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The fastest possible speed at which energy or information can travel, according to special relativity, is the speed of light in a vacuum c = Italian physicist Galileo Galilei is usually credited with being the first to measure speed by considering the distance covered and the time it takes.Galileo defined speed as the distance covered per unit of time. A cyclist who covers 30 metres in a time of 2 seconds, for example, has a speed of 15 metres per second.Average speed does not describe the speed variations that may have taken place during shorter time intervals (as it is the entire distance covered divided by the total time of travel), and so average speed is often quite different from a value of instantaneous speed.Using this equation for an average speed of 80 kilometres per hour on a 4-hour trip, the distance covered is found to be 320 kilometres.If a car is said to travel at 60 km/h, its speed has been specified.However, if the car is said to move at 60 km/h to the north, its velocity has now been specified.By looking at a speedometer, one can read the instantaneous speed of a car at any instant.A car travelling at 50 km/h generally goes for less than one hour at a constant speed, but if it did go at that speed for a full hour, it would travel 50 km.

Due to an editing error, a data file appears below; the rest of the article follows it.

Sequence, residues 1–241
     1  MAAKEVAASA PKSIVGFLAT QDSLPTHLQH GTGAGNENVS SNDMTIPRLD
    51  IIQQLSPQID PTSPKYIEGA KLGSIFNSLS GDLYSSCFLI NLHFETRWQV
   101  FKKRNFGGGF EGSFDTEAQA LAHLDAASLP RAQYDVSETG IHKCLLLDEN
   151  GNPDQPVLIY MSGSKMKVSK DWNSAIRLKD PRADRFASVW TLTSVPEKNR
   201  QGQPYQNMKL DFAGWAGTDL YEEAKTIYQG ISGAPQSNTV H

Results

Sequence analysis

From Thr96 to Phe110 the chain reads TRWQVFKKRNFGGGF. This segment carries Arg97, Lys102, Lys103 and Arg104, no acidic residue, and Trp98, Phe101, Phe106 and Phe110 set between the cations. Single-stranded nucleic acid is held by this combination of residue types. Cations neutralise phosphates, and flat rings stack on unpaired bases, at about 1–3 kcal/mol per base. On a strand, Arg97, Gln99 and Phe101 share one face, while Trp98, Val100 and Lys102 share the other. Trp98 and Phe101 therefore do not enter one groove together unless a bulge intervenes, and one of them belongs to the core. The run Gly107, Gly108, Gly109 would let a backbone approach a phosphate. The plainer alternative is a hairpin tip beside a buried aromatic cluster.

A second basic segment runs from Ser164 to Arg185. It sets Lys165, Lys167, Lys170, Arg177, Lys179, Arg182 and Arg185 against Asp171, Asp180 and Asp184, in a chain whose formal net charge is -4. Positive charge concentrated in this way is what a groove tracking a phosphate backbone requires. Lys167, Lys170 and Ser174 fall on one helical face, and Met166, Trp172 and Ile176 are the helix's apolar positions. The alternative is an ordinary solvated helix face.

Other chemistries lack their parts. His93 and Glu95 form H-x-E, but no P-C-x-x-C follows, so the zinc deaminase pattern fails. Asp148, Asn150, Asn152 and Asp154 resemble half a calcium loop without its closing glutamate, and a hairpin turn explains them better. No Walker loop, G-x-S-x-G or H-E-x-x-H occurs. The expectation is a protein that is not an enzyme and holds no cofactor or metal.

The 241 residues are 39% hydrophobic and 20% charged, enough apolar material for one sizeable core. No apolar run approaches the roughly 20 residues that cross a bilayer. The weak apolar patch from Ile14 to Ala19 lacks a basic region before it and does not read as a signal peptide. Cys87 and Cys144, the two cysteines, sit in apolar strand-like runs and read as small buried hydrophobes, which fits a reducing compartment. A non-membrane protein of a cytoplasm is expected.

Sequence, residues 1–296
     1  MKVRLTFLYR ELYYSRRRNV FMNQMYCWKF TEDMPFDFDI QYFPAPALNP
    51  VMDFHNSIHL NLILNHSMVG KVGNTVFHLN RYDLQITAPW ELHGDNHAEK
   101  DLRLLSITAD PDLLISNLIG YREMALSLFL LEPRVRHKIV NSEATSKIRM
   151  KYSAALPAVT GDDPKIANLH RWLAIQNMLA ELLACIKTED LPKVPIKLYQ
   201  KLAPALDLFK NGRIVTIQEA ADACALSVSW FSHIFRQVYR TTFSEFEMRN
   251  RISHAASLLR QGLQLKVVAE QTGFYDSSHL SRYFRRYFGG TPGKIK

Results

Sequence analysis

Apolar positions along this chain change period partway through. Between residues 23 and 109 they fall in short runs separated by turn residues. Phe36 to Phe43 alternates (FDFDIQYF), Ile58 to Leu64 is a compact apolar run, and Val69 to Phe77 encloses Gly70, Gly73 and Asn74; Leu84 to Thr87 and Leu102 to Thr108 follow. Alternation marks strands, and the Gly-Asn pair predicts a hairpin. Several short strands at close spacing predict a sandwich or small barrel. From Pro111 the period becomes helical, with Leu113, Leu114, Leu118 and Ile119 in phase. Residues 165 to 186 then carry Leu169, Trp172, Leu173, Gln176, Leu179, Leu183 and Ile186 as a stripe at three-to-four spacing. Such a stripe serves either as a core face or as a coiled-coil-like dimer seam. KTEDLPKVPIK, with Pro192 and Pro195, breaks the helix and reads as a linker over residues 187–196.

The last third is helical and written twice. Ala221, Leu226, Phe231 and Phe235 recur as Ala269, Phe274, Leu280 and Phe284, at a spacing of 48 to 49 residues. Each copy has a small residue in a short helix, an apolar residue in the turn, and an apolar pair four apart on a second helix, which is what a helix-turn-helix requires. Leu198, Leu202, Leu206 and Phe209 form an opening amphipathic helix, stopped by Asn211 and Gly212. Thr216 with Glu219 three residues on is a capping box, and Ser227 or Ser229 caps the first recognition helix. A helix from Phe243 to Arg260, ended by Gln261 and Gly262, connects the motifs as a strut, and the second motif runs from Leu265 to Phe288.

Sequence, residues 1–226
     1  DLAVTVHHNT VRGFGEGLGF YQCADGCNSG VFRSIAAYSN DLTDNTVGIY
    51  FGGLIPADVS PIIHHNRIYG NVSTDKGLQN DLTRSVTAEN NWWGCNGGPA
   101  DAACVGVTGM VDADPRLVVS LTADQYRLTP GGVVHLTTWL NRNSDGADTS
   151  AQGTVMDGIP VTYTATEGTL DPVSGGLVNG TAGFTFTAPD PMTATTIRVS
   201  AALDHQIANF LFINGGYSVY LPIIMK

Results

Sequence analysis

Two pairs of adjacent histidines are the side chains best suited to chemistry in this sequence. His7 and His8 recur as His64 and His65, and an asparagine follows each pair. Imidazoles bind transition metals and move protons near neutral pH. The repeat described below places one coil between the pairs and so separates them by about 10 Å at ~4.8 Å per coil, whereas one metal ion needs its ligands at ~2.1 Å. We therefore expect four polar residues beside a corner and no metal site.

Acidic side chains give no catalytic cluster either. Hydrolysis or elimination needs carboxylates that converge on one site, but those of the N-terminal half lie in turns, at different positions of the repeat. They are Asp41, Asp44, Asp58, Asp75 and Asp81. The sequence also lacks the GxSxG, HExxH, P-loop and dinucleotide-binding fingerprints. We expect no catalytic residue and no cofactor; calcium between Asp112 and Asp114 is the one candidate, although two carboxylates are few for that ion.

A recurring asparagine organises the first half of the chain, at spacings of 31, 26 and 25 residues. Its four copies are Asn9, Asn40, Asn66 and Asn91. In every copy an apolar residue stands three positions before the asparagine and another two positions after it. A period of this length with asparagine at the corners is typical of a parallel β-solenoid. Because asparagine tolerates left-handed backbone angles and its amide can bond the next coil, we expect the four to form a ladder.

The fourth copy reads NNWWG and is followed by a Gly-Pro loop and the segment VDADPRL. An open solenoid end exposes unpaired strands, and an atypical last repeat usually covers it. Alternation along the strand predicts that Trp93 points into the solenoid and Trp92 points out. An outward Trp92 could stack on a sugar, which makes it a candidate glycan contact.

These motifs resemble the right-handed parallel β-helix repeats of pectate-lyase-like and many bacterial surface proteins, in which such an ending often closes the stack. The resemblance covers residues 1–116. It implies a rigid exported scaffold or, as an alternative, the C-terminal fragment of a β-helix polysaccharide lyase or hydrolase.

Each speed dating event has its own separate rules relating to time limits and what information can be shared.The big difference can be discerned when considering movement around a circle.When something moves in a circular path and returns to its starting point, its average velocity is zero, but its average speed is found by dividing the circumference of the circle by the time taken to move around the circle.This is because the average velocity is calculated by considering only the displacement between the starting and end points, whereas the average speed considers only the total distance traveled.A point on the outside edge of a merry-go-round or turntable travels a greater distance in one complete rotation than a point nearer the center.

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